You’re standing under a clear sky. A light breeze gently combs the lush, flowery field around you. An unnaturally large bird sits on a rock in the distance. You hear a couple at odds with each other, arguing about whether to have a baby. That's when you look down and Oh, you’re pregnant.
Preterna was conceived by Jeremy Bailey and Kristen D. Schaffer, who were solicited by Toronto-based gallery Trinity Square Video to create a piece in virtual reality. The couple has been married for years and has been talking about having kids for some time. “I don’t want to get pregnant and he does, so we did this,” Schaffer said in an interview with The Creators Project.
Using the Leap Motion sensors mounted onto headsets, users are able to use their hands in virtual reality to touch their pregnant bodies. Using photogrammetry, Schaffer’s own figure was 3D-scanned for the piece, and Bailey modified the mesh to add a bun in the oven.
“She’s seeing me pregnant,” Schaffer said while pointing at someone trying Preterna, “but the thing is I’m not actually pregnant… Jeremy and I have been playing with the idea of empathy a lot... [and] it feels reductionist to think that you can simulate empathy.” According to Schaffer, Preterna doesn’t aspire to virtual reality's empathy machine ideal.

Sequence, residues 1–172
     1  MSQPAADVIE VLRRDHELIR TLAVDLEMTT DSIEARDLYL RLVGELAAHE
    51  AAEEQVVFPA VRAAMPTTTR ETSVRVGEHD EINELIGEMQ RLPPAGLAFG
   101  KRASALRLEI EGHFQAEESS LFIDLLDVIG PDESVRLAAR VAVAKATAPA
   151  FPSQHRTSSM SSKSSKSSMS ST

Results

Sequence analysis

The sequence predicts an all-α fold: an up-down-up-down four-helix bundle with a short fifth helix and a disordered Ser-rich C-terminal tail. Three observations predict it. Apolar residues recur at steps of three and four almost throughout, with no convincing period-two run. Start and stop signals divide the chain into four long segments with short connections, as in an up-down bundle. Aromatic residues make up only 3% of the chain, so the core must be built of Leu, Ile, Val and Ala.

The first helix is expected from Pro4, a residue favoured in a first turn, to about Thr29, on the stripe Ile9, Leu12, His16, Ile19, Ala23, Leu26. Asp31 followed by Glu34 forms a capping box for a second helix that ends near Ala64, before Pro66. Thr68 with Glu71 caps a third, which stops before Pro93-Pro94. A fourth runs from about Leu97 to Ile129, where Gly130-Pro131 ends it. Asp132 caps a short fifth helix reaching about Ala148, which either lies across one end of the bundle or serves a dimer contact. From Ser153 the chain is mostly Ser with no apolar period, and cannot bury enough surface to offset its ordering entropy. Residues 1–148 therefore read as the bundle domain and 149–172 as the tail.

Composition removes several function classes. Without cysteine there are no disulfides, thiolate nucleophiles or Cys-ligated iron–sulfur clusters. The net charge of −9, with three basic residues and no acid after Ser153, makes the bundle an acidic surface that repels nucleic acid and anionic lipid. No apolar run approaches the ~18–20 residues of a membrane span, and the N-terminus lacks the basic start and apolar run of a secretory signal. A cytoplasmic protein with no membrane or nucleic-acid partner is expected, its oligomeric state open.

“My husband is it the ultimate satirist, while I’m coming at things from a more educative standpoint,” says Schaffer. She hopes that the piece will inspire educators and kids to think about what else virtual reality can be, aside from first-person games and 360 documentaries. Bailey intends to eventually put up a website and offer people a kit where they can experience an anthology of different experiences built by him and his wife during their VR pregnancy incubation—and might even “result in an AI baby.” Baby X, they're coming for you.
Preterna previewed at the WEIRD REALITY VR Salon at the Ace Hotel in Pittsburgh, during the VIA FESTIVAL 2016. It previews again on November 19 at Sub Chroma 2016 in Chicago, and premieres at Trinity Square Video in Fall 2017. Follow the piece on Jeremy Bailey’s website and Twitter.